‘Carmen’ to come to WVU
Published: Friday, February 1, 2013
Updated: Friday, February 1, 2013 07:02
The College of Creative Arts is putting on the biggest opera they have performed in years – the ever-famous "Carmen." Even if you skipped out on every show West Virginia University has offered, "Carmen" is the one you simply cannot miss.
This English version of "Carmen" will open Feb. 7- 8 at 7:30 p.m. and a matinee will be offered Feb. 10 at 2 p.m. in the Clay Theatre in the Creative Arts Center.
French composer Georges Bizet adapted this renowned opera from a short story about Don Jose, who becomes enchanted by a seductive Gypsy named Carmen.
"Carmen is the embodiment of this whole character of the piece; the Gypsy life. To be free and to do as you please is the most important thing, and to hell with everything else," said Jennifer Berkebile, who plays the role of Carmen.
Don Jose’s obsession becomes jealousy as he finds Carmen is only toying with him, just as she has done with many other men, but Don Jose will not allow her to leave him and this struggle of love turns to tragedy.
As memorable and passionate as the story is, the music and dancing is truly what makes this opera special, and whether or not you realize it, you do know its most popular songs. Plot elements and songs from the play are embedded into our culture and have been recreated into countless parodies, such as Bugs Bunny.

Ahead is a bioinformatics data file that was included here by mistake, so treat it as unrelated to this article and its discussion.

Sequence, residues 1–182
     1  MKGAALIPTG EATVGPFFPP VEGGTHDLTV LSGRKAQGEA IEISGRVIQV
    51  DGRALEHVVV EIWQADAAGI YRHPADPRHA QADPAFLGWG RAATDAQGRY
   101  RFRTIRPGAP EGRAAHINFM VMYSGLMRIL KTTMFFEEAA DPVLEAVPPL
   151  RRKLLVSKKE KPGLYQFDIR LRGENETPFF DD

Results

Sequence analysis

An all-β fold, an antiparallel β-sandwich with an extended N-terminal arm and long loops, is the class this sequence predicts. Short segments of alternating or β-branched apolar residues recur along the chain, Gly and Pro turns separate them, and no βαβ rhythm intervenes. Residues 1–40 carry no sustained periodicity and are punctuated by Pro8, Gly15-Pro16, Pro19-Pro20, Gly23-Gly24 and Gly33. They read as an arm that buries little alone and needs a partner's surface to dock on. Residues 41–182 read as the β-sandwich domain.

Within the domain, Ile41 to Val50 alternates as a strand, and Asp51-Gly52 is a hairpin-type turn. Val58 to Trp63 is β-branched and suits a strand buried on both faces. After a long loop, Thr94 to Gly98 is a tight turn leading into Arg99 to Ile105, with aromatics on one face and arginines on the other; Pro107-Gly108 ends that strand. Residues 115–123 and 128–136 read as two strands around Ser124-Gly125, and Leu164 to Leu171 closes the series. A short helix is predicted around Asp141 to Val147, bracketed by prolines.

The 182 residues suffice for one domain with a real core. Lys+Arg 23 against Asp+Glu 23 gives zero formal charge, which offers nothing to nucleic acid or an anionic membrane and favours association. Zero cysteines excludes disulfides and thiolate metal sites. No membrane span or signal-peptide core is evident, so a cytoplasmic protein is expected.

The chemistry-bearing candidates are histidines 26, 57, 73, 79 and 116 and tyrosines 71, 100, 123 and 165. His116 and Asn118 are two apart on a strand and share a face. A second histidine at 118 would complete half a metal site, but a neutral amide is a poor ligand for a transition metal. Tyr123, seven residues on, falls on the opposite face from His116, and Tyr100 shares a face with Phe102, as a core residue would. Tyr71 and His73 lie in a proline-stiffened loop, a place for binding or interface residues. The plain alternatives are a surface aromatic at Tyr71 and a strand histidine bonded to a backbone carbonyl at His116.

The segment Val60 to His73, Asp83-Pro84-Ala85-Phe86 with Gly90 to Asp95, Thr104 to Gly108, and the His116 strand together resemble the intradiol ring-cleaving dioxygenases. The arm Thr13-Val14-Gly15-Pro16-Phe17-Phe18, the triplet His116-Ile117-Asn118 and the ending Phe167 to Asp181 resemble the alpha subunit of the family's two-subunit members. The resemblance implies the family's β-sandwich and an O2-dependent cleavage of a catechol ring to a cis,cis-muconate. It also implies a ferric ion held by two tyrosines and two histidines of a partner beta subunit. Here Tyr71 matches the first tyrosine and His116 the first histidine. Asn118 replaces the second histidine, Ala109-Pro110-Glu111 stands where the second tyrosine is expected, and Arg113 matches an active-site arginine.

It is a rare occasion for the School of Music to be so heavily integrated into a WVU Theatre production. Members of the WVU Symphony Orchestra will play the score live from the pit.
"All the principal characters are voice majors from the opera department, and that’s because of how taxing the roles are, and we don’t have mics," Berkebile said.
Since last October, those with principal roles have been training for their singing and dancing, and they have been perfecting the English translation.
"At first the English was a little jarring, but we really got into it, and now I think it sounds really good. It makes a lot more sense than it did for me before, and the audience is going to understand a lot better, too," Berkebile said.
The dancers have recruited outside help from a professional flamenco dancer to teach the students.
This is the first opera WVU has arranged since "Le Nozze di Figaro" two years ago, and it has been even longer since an opera has been performed in the great Clay Theatre.
"It’s a pretty big deal," said Samantha Destefano, who plays the part of Frasquita. "The production is huge. The music is well known, it’s exciting, (and) there’s so much action and drama. All the chorus numbers are fantastic, and the solos are really amazing, too."
This production will not only feature students, but the several faculty members who auditioned to be a part of such a famous piece.
With all of the collaboration between schools, faculty, students and outside help, "Carmen’s" intense production is sure to leave an impression.
Tickets for "Carmen" are $15 for students and senior citizens, and $20 for adults. Tickets are available at the CAC Box office at 304-293-SHOW, or online via www.ticketmaster.com.